Gifts of the South

An Eclipse

The moon, red
like fat dripping
from the porterhouse
side of the T-Bone,
an American God
in its own rites.
Beef moon, nurturing
our ebb and flow
with hands that knead
us to tenderness
and umami. Then,
a cleanse, clean as gin
straight up tasting like
clear night sky.

A Supercell

I thought it too much
to cull storms, but flailed
hail that punctured metal
rooftops. I spun wind
with my wanting
into the fabric of air.
In that brief hour
of power outage, a moment
to rest under blue stars.

A Meteor Shower

Dust flung by the Big
Dipper, Ursa Major,
radiance at Camelopardalis.
The storm gifted two
meteors the size of fireflies—
fat, slow and glowing
over Tennessee, while
the rest of the humble
scatter lit black grass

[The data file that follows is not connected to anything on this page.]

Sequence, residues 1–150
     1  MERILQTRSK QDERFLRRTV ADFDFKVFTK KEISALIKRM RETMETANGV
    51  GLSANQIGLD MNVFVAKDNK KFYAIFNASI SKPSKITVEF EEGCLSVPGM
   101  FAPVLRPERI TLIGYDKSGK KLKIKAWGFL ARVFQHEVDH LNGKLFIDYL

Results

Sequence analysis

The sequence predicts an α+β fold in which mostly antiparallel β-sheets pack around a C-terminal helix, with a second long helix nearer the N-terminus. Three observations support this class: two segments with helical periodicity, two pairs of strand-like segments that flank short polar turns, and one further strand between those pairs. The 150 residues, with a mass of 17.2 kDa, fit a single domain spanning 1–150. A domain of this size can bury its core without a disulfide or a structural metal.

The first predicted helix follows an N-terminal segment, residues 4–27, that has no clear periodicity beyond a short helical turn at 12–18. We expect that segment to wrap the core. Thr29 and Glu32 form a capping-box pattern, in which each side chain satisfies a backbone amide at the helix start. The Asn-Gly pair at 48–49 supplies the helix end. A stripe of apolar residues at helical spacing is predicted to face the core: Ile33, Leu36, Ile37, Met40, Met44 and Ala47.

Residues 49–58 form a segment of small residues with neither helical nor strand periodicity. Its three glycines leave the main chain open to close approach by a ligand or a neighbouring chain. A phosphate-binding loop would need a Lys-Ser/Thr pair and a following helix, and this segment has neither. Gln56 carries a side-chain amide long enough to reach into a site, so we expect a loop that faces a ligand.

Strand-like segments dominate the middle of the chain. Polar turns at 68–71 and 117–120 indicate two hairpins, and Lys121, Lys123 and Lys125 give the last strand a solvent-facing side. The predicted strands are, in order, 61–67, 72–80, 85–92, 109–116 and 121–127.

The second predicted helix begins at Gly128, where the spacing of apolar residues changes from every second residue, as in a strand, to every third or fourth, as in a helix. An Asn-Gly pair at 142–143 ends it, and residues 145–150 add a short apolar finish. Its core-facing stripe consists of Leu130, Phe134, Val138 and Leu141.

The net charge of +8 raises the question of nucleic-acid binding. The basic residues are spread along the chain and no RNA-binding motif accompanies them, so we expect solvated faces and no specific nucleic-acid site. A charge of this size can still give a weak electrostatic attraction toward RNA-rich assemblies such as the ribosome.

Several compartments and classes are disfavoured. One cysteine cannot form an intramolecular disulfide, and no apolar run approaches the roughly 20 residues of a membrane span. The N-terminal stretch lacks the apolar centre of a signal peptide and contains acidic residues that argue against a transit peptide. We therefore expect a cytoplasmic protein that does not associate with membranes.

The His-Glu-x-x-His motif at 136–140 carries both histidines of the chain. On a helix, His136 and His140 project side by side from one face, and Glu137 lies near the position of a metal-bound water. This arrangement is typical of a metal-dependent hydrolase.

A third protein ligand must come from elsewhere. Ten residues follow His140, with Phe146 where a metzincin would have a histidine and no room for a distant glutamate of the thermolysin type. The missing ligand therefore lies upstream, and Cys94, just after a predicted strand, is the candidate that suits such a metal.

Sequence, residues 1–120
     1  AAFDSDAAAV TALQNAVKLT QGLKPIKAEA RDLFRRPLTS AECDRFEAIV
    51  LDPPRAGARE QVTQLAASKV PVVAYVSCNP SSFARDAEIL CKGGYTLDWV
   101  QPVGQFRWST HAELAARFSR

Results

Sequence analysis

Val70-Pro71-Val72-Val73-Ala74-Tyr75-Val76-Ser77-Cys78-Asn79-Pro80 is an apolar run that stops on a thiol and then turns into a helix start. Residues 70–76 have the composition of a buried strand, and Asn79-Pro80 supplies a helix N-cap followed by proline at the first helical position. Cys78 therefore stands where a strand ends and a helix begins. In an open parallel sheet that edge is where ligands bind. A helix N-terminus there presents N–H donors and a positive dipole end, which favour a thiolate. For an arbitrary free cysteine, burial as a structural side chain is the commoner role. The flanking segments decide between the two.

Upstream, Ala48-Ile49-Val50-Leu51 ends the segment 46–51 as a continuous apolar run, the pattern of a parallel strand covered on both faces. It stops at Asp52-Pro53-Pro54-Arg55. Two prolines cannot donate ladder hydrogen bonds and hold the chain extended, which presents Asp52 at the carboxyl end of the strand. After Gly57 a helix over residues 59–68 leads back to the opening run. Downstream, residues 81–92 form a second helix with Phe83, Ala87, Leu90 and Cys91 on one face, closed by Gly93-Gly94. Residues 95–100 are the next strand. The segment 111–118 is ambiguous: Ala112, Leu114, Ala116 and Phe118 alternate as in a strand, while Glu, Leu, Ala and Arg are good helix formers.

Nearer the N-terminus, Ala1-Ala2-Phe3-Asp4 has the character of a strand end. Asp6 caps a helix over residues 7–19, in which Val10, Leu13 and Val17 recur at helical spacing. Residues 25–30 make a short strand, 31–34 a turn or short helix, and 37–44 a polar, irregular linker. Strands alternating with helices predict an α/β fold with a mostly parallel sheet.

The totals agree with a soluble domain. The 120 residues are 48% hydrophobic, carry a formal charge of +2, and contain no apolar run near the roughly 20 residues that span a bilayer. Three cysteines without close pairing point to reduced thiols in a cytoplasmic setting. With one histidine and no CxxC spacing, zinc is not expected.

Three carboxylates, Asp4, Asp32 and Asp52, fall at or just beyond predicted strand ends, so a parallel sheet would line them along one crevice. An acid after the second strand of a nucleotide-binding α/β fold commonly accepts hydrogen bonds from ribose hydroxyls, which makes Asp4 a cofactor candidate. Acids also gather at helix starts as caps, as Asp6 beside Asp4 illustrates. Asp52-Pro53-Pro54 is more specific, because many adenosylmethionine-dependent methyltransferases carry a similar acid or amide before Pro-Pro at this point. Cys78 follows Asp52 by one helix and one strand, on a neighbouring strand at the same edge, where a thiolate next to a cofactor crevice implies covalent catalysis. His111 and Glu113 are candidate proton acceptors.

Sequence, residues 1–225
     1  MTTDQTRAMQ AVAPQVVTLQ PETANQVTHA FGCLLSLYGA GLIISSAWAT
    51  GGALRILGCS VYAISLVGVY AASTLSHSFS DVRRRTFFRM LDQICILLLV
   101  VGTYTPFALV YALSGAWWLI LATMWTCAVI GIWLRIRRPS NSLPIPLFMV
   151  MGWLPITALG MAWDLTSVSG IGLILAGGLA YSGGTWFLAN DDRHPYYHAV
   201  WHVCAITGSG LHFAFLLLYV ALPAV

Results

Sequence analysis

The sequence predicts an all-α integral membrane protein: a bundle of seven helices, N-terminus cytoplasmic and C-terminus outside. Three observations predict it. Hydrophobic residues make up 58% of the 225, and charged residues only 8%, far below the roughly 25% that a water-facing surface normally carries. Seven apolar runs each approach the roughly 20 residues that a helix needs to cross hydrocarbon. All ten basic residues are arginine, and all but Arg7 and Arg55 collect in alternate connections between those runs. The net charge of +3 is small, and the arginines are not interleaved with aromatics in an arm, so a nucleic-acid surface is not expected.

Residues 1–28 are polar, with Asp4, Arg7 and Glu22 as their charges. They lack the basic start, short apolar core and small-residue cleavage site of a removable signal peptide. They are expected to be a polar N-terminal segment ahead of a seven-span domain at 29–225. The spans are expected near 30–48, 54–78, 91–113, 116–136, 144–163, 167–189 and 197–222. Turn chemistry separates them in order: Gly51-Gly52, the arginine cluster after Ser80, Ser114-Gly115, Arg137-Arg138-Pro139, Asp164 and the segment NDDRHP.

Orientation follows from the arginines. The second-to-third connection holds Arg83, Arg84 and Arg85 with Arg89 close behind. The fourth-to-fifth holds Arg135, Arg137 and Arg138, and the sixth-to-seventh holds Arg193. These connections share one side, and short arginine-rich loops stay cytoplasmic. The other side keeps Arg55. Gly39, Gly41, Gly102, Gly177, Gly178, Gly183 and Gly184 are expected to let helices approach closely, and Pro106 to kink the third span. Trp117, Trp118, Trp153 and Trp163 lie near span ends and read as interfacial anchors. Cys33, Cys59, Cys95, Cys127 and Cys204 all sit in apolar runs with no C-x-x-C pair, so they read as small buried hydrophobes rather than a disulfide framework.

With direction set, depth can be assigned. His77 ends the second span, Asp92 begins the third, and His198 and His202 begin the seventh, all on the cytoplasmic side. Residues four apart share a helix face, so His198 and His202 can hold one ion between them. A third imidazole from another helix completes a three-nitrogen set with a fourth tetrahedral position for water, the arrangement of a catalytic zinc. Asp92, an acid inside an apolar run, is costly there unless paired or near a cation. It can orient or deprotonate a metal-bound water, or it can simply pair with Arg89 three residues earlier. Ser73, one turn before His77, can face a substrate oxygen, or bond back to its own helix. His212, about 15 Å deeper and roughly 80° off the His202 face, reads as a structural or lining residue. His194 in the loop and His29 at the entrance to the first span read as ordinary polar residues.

in rolling foothills of Appalachia.

A Pastime

Moonshine—a mash
of corn and taste of dirt.
My home in glass diorama,
soon to be an empty vessel.
I tilt back my head
impossibly far until southern
roots set fire to my
throat and make still
the sounds of chords.

Christopher Petrucelli is a graduate student at the University of Alaska, Fairbanks and an associate poetry editor at Stirring a Literary collection. His poetry has appeared in Connotation Press, Rappahannock Review, Still: The Journal, and elsewhere. His chapbook, Action at a Distance, is available from UIndy’s Etchings Press.

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